Friday, 28 March 2014

Prayers while vesting for Mass

I have just been re-reading the prayers that used to be said by the priest while vesting for Mass.  

They speak beautifully of the significance of the liturgical vestments.

I do wonder how many priests retain any of these prayers - or indeed any sense that the vestments have any real meaning.

I found these here, which is another site with the complete texts of the Mass: it opens to today's Mass every time you visit, which is helpful; and it has Masses for all weekdays and feasts (I understand: I haven't checked).


CUM SACERDOS INDUITUR 

Cum lavat manus: 
Da, Dómine, virtútem mánibus meis ad abstergéndam omnem máculam; ut sine pollutióne mentis et córporis váleam tibi servíre.


Ad Amictum:
Impóne, Dómine, cápiti meo gáleam salútis, ad expugnándos diabólicos incúrsus.


Ad Albam: 
Deálba me, Dómine, et munda cor meum; ut, in Sánguine Agni dealbátus, gáudiis pérfruar sempitérnis.


Ad Cingulum: 
Præcínge me, Dómine, cíngulo puritátis, et exstíngue in lumbis meis humórem libídinis; ut máneat in me virtus continéntiæ et castitátis.


Ad Manipulum: 
Mérear, Dómine, portáre manípulum fletus et dolóris; ut cum exsultatióne recípiam mercédem labóris.


Ad Stolam:
Redde mihi, Dómine, stolam immortalitátis, quam pérdidi in prævaricatióne primi paréntis: et, quamvis indígnus accédo ad tuum sacrum mystérium, mérear tamen gáudium sempitérnum.


Ad Casulam: 
Dómine, qui dixísti: Jugum meum suáve est et onus meum leve: fac, ut istud portáre sic váleam, quod cónsequar tuam grátiam. Amen.

PRAYERS WHILE VESTMENTS ARE TAKEN

While he washes his hands:

Give strength to my hands, Lord, to wipe away all stain, so that I may be able to serve Thee in purity of mind and body.


For the amice:
Lord, set the helmet of salvation on my head to fend off all the assaults of the devil.


For the alb:
Purify me, Lord, and cleanse my heart so that, washed in the Blood of the Lamb, I may enjoy eternal bliss.


For the cincture:
Lord, gird me with the cincture of purity and extinguish my fleshly desires, that the virtue of continence and chastity may abide within me.


For the maniple:
Lord, may I worthily bear the maniple of tears and sorrow so as to receive the reward of my labour with rejoicing.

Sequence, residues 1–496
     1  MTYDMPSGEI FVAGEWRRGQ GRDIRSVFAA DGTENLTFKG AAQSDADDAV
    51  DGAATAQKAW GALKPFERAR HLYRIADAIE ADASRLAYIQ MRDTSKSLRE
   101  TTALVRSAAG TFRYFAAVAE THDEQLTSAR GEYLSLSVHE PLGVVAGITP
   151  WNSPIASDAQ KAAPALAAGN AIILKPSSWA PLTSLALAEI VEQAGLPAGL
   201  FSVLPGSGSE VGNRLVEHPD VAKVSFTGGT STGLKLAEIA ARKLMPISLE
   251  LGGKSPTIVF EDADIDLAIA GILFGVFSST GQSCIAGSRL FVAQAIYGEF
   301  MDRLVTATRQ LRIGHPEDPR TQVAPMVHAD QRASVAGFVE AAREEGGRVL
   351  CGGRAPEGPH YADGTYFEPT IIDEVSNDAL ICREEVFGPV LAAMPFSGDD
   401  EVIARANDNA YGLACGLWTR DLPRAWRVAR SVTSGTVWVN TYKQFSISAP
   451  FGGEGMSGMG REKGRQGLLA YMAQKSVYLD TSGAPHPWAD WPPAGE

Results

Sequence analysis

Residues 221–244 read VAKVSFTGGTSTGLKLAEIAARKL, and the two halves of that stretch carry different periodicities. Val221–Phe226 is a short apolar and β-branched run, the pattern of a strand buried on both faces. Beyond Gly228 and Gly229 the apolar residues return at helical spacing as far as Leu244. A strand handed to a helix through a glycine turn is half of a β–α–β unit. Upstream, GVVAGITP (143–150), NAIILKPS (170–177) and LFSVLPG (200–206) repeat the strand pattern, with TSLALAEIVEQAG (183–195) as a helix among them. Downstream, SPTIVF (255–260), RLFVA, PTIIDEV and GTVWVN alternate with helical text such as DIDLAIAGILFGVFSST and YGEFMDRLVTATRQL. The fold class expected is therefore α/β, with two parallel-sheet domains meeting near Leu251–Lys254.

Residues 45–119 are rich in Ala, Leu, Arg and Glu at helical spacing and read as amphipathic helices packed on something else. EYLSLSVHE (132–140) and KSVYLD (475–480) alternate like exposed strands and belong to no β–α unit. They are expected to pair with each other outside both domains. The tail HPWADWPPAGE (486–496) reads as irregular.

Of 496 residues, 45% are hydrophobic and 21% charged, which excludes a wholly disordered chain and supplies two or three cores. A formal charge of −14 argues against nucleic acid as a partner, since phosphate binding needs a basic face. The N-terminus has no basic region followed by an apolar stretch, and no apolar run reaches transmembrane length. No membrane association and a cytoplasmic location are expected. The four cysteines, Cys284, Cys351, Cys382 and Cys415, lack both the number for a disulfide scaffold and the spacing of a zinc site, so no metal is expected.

For the stole:
Lord, restore the stole of immortality, which I lost through the collusion of our first parents, and, unworthy as I am to approach Thy sacred mysteries, may I yet gain eternal joy.


For the chasuble:
O Lord, Who hast said, "My yoke is sweet and My burden light," grant that I may so carry it as to merit Thy grace. Amen.

3 comments:

Marc said...

Thanks for this post! Hope you all are having a good Lent!

I use that lovely DO.com site on my tablet when I'm able to go to Mass in the vetus ordo (forty mile round trip plus the car hire for three hours...) since I don't have a printed missal. So far, Father's missal and the DO.com 1960 version have coincided. :-)

And have used it for the office, too (although I finally found a used, affordable breviarium romanum just before Lent). Read the 1910 office from Pentecost last through the Purification. :-)

Don't know who maintains the site following Mr Laszlo Kiss (r.i.p.), but the couple of times I was suspicious that something was erroneous in the text, I had quick replies that settled my doubts.

Ben Trovato said...

Marc, thanks for your comment. I agree it is a beautifully laid-out and very useful site.

However, I do have one reservation, and that is about the text in red.

There are four problems, as I see it.

One is that the English (in red) is not an accurate translation of the Latin (in red). The second is that it makes no distinction between rubrics and commentary. The third is that some of the commentary is opinion, not fact. The fourth is that it contains some errors.

Having noticed which, I think I'll drop them an email.

Marc said...

Do notice (now that you mention it-- I don't think I've ever used DO at Mass with the English turned on) that the English isn't just a translation of the MR's rubrics; the texts are assembled from different sources that are available online, I believe, which will doubtless vary in accuracy.

I will say that when it comes to the propria of the day's Mass, DO has been 'right' each time I've used it-- two dozen or more times in the last year. The best scenario may be a beautifully bound printed missal but, failing that, DO serves well.

Hope the DO people respond to your concerns!